1995-Opal

Legend of sources

Opal made landfall over Ontario as a tropical storm with winds of 74 km/h on October 6.

Rainfall image map of Hurricane Opal, which entered Canada, Ontario on the morning of October 6, 1995. However, Opal transitioned into an extratropical storm and dissipated later that same day. Maximum provincial rainfalls: 108.5 millimetres in Ontario
Rainfall image map of Hurricane Opal, which entered Canada, Ontario on the morning of October 6, 1995. However, Opal transitioned into an extratropical storm and dissipated later that same day. Maximum provincial rainfalls: 108.5 millimetres in Ontario

Opal formed in the Gulf of Mexico and became a category four hurricane with winds of 240 km/h. Beginning on September 27, 1995, Opal remained over land and eventually moved into Ontario on the morning of October 6th with winds of 74 km/h. High winds and heavy rain caused power outages and flooding in Metro Toronto and the southern Ontario region. Montreal also received a significant amount of rainfall. The most affected area was southern Ontario, just north of Lakes Erie and Ontario. Total rainfall amounts were between 40 and 80 mm with a total of 96 mm reported from Hamilton. Some of these amounts fell in 18 hours--amounts equivalent to the average amount for the entire month of October. Strong easterly winds also affected this area. The peak wind was 102 km/h at Long Point in Lake Erie. Opal transitioned into an extratropical storm and dissipated later on October 6. The CHC issued 2 Hurricane Information Statements.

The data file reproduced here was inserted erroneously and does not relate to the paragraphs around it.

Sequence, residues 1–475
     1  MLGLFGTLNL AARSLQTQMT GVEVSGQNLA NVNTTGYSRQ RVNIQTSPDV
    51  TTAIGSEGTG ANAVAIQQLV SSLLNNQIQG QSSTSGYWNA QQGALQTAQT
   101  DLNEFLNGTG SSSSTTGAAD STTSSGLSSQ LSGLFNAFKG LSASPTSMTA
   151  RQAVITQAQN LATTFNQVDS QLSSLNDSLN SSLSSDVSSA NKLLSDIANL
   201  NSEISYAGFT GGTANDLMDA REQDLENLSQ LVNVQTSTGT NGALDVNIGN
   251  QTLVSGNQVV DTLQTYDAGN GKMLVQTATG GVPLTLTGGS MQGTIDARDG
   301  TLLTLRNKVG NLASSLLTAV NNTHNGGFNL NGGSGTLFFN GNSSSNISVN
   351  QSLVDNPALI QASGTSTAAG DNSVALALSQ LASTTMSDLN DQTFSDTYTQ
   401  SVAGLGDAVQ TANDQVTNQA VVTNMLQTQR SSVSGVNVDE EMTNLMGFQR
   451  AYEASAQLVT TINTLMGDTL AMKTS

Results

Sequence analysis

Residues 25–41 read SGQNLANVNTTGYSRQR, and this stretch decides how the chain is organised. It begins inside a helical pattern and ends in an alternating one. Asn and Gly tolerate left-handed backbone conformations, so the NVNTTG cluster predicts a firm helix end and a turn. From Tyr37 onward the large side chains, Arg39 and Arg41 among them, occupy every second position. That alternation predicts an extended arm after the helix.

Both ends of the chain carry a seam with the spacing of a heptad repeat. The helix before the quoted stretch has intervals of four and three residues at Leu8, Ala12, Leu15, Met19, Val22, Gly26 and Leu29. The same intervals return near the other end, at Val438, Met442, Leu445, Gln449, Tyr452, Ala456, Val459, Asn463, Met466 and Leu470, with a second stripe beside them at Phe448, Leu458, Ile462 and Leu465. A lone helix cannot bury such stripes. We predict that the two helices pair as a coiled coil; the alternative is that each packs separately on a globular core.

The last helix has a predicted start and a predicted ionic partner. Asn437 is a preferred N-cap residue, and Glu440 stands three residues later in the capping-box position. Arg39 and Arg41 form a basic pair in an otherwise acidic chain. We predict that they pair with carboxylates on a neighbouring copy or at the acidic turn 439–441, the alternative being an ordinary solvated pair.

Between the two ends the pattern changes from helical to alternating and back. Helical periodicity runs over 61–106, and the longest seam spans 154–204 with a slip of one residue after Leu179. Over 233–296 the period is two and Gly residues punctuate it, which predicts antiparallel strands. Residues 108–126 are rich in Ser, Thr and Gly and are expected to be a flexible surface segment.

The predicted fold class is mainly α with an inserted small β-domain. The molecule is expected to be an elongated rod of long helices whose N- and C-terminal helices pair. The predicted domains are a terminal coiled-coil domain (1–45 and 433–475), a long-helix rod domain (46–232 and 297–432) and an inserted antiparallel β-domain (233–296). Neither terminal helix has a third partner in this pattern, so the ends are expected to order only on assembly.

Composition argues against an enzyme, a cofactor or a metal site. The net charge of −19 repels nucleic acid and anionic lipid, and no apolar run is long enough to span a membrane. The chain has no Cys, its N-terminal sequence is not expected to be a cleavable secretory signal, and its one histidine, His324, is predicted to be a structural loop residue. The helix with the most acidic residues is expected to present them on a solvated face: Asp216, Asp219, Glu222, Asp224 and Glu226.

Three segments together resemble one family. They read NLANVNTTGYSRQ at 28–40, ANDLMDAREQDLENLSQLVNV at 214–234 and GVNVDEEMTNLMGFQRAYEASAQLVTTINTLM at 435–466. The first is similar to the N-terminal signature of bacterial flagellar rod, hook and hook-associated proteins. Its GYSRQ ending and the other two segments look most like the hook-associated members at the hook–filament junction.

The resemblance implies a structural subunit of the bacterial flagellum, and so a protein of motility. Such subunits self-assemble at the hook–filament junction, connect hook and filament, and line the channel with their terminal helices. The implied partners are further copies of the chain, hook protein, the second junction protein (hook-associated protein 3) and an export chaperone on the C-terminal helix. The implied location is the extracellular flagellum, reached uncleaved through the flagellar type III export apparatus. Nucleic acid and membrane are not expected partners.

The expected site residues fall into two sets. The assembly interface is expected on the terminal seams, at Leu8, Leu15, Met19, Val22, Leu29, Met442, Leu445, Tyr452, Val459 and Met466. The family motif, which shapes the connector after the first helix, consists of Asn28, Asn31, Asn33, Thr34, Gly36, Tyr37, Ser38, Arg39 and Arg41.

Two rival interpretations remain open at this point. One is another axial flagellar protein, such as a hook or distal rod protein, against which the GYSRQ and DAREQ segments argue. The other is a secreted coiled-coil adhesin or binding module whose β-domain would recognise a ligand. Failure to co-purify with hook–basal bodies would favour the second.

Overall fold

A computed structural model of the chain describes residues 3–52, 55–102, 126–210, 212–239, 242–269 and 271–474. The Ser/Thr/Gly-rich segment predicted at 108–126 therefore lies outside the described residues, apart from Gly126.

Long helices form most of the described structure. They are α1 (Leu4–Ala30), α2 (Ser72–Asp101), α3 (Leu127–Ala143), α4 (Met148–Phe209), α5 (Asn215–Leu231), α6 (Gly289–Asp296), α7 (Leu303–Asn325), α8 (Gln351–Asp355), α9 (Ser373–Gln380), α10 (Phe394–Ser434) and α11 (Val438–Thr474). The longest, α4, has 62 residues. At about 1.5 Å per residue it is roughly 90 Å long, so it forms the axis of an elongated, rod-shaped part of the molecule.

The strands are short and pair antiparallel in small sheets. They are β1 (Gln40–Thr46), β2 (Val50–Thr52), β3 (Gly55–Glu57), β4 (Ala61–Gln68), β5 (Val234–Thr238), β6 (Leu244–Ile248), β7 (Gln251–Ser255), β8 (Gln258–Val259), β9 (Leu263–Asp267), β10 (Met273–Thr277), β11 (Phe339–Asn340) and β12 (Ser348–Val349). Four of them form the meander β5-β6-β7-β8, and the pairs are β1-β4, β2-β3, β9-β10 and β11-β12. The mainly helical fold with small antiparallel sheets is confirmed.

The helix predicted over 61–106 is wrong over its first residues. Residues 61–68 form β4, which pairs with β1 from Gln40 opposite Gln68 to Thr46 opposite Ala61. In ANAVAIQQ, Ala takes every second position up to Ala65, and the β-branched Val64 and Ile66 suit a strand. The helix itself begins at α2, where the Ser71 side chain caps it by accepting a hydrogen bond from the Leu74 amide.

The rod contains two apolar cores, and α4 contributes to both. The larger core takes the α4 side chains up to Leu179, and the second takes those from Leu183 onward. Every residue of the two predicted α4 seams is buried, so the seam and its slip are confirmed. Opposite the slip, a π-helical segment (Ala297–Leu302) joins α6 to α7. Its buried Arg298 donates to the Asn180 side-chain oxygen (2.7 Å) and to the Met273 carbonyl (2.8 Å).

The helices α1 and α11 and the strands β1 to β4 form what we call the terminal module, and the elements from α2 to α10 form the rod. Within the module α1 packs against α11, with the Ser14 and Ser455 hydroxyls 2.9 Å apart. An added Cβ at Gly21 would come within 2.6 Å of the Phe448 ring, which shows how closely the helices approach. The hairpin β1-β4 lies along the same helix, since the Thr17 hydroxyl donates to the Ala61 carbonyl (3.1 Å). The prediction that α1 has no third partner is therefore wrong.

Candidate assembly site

Post Tropical Storm Opal started tracking in the Canadian Hurricane Centre response zone northeast through the northeastern states and crossed Lake Erie and tracked east-northeast along Lake Ontario before dissipating over Quebec. There were no gales associated with the storm. As it tracked through Eastern Canada the storm reached a maximum wind speed of 43 knots, with an mslp of 991 millibar
Post Tropical Storm Opal started tracking in the Canadian Hurricane Centre response zone northeast through the northeastern states and crossed Lake Erie and tracked east-northeast along Lake Ontario before dissipating over Quebec. There were no gales associated with the storm. As it tracked through Eastern Canada the storm reached a maximum wind speed of 43 knots, with an mslp of 991 millibar

Ontario

October 6, 1995

  • Wind gusts of up to 102 km/h in southern Ontario and 25 to 45 mm of rain (TS)
  • The storm knocked down trees and power lines and caused flooding (TS)

October 7, 1995

  • Total of 78.6 mm of rain fell on metro Toronto (TS)

Quebec

October 7, 1995

  • Montreal received 80 mm rain, which was only 2 mm short of beating a 16 year old record (Hurricane Frederic) (MG)